Source: Elly Walton
If Oxford and Cambridge increased market share, they would reduce the exclusivity and value of their degrees
The commercialisation of higher education was first floated in the UK in the Thatcher years, along with the introduction of “user” charges and privatisation in utilities, transport, social services and health. Thirty years later, direct funding of English higher education has been transferred to graduates, higher education institutions have become better at shaving costs and at marketing, and international students generate extra revenue.
But is UK higher education any closer to a genuine capitalist market powered by the profit motive? Not really.
Most of the competition driving the sector is not about buyer-seller economics in the marketplace. It is about older qualities such as institutional prestige, selection on to high-demand programmes and research excellence.
There is conventional commerce only at the margins of mainstream activity: international students, short training programmes, for-profit providers, online delivery, commercial research and consultancy. That is as far as it goes. The core activities – first degrees, doctoral places, mainstream research – remain stubbornly non-commercial in essence.
Under the £9,000 tuition fee regime, the government has maintained close regulatory control, the public cost of higher education may have increased, and, most importantly, the economic laws governing the sector are unchanged. The same is true of other countries with limited marketisation of their higher education systems, such as Australia.
The “market” is a metaphor for competition and, for politicians, an excuse for devolution of responsibility for outcomes from government to higher education institutions. As a technical descriptor it is grossly inaccurate.
The fact is that it is impossible to introduce a genuine economic market in higher education – one driven by the profit motive, open contestability of provision, bankruptcy sanctions, free consumer “shopping” and choice, allocative efficiency and the struggle to maximise market share – without vaporising much of the product itself.
This is why no government anywhere has introduced a full-blown capitalist market, despite three decades of talk. Attempts to fully commercialise universities and research run up against insuperable limits. Higher education is very different from communication and transport, where services can be privatised or commercialised without changing the product.
Why is it impossible to create a fully capitalist higher education and research sector, whether in the form of “luxury” or “mass market” higher education or some combination of the two?
Although the political obstacles to marketisation are formidable, ranging from vested interests to policy goals such as social access, this is not the ultimate limitation. The constraint is the intrinsic social nature of the “goods” in higher education.
In economic terms, higher education produces status goods – student places and degrees associated with desired personal attributes and social outcomes. The most sought-after “products” are places in elite universities and on courses such as medicine.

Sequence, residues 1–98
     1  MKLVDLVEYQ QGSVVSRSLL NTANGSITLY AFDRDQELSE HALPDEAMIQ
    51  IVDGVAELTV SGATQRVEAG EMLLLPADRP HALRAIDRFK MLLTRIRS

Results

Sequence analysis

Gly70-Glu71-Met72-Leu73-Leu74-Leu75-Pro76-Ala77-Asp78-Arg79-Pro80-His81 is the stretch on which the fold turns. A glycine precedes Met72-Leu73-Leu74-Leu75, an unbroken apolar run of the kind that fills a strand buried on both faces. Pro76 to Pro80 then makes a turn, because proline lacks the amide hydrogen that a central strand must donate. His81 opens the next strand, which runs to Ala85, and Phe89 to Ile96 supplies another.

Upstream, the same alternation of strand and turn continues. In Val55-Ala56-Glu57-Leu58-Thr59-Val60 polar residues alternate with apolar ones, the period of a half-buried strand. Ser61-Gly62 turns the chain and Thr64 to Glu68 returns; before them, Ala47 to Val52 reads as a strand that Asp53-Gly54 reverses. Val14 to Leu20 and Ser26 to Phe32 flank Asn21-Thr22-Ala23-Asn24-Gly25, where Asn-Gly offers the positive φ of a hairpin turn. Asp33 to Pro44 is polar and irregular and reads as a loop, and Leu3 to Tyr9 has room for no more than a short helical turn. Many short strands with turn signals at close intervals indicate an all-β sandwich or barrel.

Social status cannot be infinitely expanded without changing its nature. The universities of Oxford and Cambridge cannot service all possible student demand, in the manner of luxury carmakers. If they increased market share they would reduce the exclusivity and value of their degrees.
Likewise, consumer power cannot truly govern selective universities. They remain producer controlled. As the disgruntled consumer walks out of the door, she or he passes a queue of others waiting to enter. Although elite universities are wise to maintain student friendliness, if only to attract the high-quality students they want, this is not an orthodox consumer-driven market. Genuine customer focus takes root only among lower-status providers with unfilled places.
Nor can university research be fully commercialised without losing the basic curiosity-driven programmes of enquiry that are both integral to economic innovation in industry, and underpin the social status of the leading higher education institutions. Corporations will not fund blue-skies research with long lead times and little prospect of their being able to capture its benefits. All over the world, basic research is largely sustained by governments or philanthropy, not markets.
In the US “market”, universities depart from capitalism at every turn. The government heavily funds student loans and research as in the UK. Ivy League universities spend lavishly on prestige facilities generating no financial returns. They are not primarily driven by revenue. Money is merely the means to the real end, their role as engines of status. They maximise research (research performance feeds university status) while keeping the lid on student numbers. Tuition charges are often set well below “sticker” prices, allowing institutions such as Harvard and Stanford universities and the Massachusetts Institute of Technology to shape their preferred student mix, on social not economic grounds.
Higher education could be turned into a field of profit-driven firms only by deconstructing the leading and middle-level institutions and much of the research they produce, eliminating the associated social status and “knowledge goods”. For better or worse, these functions generate much of the social value of higher education – so it is not going to happen.